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Friday, March 11, 2011

Chess revolution sweeping Africa - A teacher's take

Chess blog for latest chess news and chess trivia (c) Alexandra Kosteniuk, 2011

Hi everyone,

It is heartening to read more and more chess news coming out into the international media from Africa. We found this nice article at Leadership Online.

Dr Kelvin Kemm has a doctorate in Nuclear Physics and is one of the five members of the Supreme Chess Trust. The others are Mickey Scheepers, an engineer; Marisa van der Merwe an accomplished chess teacher; IM Watu Kobese (one point away from becoming an international chess grandmaster) and Afrika Msimang a sociologist. Together, they have developed a programme called Moves for Life, and it uses chess to prepare children for life in general and school in particular.

The mindset to change the Matric pass rate from 60% to 90% is at our fingertips. says Dr Kelvin Kemm. The Trust is using chess to promote thinking ability and confidence in children. And it is winning.

The first thing it is doing, is breaking down the myth that chess is a game for boffins. In its pure form, it is a very simple game and anyone can learn how to play it. Like everything in life, the complications and the difficulties come into play when the competition between people becomes a factor.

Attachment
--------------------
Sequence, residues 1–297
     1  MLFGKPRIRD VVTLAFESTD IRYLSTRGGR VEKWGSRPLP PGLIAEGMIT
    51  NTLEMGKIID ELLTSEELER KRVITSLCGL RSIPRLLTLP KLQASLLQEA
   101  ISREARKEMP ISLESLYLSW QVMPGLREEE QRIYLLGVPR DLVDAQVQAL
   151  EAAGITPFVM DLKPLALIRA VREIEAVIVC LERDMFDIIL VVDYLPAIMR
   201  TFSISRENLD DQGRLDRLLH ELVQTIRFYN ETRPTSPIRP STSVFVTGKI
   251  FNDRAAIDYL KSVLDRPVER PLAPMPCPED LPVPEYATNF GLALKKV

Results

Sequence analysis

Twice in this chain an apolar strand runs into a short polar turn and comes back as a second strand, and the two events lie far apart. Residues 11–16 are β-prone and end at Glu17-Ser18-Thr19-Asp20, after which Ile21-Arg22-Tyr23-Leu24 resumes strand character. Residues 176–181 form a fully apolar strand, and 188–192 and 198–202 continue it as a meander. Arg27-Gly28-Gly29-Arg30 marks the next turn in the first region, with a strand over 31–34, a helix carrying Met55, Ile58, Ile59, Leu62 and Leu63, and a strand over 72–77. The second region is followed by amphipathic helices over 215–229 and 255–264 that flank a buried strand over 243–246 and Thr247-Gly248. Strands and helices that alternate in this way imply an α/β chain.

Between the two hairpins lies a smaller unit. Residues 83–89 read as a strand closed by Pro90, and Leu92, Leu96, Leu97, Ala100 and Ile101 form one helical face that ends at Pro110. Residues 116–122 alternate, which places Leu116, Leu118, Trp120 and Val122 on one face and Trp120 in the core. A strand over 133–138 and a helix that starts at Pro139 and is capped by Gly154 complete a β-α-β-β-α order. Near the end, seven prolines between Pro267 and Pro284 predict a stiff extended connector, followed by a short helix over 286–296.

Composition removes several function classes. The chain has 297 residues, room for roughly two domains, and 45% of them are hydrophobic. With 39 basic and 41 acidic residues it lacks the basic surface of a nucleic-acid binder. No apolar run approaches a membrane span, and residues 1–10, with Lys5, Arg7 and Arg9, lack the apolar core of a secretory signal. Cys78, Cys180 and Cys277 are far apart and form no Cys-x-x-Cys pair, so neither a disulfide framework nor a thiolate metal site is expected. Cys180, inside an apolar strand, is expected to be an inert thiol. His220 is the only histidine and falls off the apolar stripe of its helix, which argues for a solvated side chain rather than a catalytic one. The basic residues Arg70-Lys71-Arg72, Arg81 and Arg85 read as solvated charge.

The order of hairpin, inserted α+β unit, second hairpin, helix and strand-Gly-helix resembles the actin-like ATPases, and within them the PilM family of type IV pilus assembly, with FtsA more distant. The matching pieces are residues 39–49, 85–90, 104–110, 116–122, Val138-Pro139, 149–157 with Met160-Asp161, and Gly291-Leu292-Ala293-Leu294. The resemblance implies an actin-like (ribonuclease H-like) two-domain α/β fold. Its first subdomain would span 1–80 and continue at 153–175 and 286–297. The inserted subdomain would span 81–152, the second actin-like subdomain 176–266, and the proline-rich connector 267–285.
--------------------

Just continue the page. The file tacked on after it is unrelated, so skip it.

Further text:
Dr Kemm's viewpoint is:
The same is very true at school level. There are teachers who can tell you within the first two weeks of the school year whether a child will “make it” or not. Sadly, these children are not placed back into their previous class to learn the skills that are required for “making it”, but rather – due to the pressures of the system – are promoted all the way to Grade 12, at which point they become a part of the 40% who fail the final exam or, worse, one of the significant number of pupils who take their own lives rather than face the ordeal. The problem does not lie with the pupils, nor really with the teachers, but with a system that does not teach either group to think.

Chess is the solution. Indeed.
We wish Dr Kemm and his team the very best of luck.
You can read the full article here.

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